This was an appeal by Riverside Housing Association Ltd (Riverside) against a decision by the Respondents, Her Majesty’s Revenue & Customs, to refuse to approve a zero-rated VAT certificate in respect of the construction of a new head office in Leicester. The Respondents argued that Riverside’s activities were part of a business and it did not qualify for a zero-rated certificate for VAT purposes.
Riverside is a charity and registered social landlord (RSL) providing housing for those in need by reason of physical or mental illness, or disability or age or financial disadvantage. It holds freehold or leasehold stocks of properties which it lets on assured tenancies to residential occupiers. In some cases properties are partially sold within shared ownership schemes in accordance with the “right to buy provisions.” From time to time properties become surplus to Riverside’s requirements and are sold, the proceeds of sale making up a significant part of Riverside’s receipts in a year. Riverside has a number of sources of capital and income, comprising of a mixture between grants paid by the Housing Corporation, who administer the Government’s public housing policy in England, housing benefit, loans and the proceeds of rent and sale of properties. The greater part of Riverside’s income is of public origin. It submitted that in accordance with Schedule 8 of the Value Added Tax Act 1994, it qualified for zero-rated VAT on the basis that its premises would be used “solely for a relevant charitable purpose.” (Note 12, Group 5 VATA 1994.) Alternatively, it argued that it was a body governed by public law falling within Article 4(5) 6th VAT Directive (the Directive) and was not a “taxable person.”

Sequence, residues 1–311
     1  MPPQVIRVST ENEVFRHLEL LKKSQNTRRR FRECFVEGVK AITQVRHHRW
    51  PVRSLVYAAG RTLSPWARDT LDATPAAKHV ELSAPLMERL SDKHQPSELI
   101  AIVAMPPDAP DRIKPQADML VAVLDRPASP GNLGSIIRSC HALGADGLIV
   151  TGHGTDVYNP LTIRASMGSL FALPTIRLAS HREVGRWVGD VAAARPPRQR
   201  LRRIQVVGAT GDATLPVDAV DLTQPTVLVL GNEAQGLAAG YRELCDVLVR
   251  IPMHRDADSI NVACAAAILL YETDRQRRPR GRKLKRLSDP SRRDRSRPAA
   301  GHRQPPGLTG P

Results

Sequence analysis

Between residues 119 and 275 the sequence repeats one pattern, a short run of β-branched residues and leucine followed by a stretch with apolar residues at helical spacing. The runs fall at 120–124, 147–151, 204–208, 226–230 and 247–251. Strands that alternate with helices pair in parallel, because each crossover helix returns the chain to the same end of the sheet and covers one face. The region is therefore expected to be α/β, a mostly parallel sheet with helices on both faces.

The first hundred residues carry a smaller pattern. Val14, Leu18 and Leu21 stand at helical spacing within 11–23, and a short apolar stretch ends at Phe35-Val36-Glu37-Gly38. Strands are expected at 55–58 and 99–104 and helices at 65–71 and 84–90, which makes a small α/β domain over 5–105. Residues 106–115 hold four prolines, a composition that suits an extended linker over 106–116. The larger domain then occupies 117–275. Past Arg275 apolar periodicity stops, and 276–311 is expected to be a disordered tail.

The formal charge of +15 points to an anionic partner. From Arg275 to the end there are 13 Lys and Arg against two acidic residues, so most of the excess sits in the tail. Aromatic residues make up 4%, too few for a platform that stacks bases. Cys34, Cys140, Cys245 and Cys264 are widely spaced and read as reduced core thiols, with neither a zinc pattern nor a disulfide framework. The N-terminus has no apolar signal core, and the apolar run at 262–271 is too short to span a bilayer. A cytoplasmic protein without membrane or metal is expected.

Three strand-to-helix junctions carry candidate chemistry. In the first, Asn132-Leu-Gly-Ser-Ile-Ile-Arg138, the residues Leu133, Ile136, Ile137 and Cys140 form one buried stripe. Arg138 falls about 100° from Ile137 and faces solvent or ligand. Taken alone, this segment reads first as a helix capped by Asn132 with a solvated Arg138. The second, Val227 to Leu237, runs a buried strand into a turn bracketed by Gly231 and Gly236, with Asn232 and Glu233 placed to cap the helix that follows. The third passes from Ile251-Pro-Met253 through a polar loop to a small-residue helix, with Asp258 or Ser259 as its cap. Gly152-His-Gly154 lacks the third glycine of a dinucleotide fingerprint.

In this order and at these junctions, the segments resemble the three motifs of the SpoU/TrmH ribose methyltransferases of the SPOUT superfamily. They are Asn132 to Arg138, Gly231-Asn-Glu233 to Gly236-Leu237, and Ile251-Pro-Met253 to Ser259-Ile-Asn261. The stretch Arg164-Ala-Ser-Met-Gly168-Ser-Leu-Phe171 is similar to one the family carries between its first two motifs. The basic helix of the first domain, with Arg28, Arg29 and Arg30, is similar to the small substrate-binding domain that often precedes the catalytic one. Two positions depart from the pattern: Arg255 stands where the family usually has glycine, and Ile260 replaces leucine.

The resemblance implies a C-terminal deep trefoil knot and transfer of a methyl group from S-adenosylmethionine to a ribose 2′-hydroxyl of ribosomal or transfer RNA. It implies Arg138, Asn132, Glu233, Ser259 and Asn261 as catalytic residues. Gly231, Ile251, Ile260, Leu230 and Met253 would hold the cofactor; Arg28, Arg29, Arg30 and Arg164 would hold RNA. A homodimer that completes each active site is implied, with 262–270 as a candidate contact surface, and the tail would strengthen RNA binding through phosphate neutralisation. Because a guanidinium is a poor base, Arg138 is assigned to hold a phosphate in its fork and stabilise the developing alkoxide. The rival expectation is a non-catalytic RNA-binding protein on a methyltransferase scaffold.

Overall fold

The issue for the Tribunal was whether Riverside’s provision of social housing was properly categorised as a business activity. Although it conducted its affairs in a manner different to other commercial organisations (with philanthropic objectives), was heavily regulated and could not maximise its profits, it still conducted its affairs on business-like lines. It was managed by professionals, produced externally audited accounts and had some freedom in determining the charges for its tenants. The Tribunal found that exemptions from VAT should be construed narrowly: Customs & Excise v Yarburgh Children’s Trust applied. The Tribunal was not persuaded that factors such as close regulation, its lack of autonomy and its use as an instrument of public policy distinguished its activities from business activities in the ordinary sense. Riverside was also distinct from an RSL that was wholly dependent on public funds: Cardiff Community Housing Association Ltd v Customs & Excise  distinguished. The Tribunal held that the term “business” had a wide meaning under the Directive. If Riverside had sought simply to defray the costs of its activities, so it made neither a profit or a loss, then that would go some way to showing that it was not carrying out a business activity. But Riverside set out to make a profit and did make a profit. This was almost conclusive proof that its activities had characteristics of a business. The fact that a high proportion of Riverside’s capital resources and income were derived from public funds did not affect this conclusion. Riverside was engaged in business and its new building could not be zero-rated. On the second submission, the Tribunal found that Riverside was not a public body according to Article 4(5) of the 6th Directive and even if it were found to be so, that would not lead to a means of securing a zero-rating for its new building.
This case has implications for private RSLs providing social housing.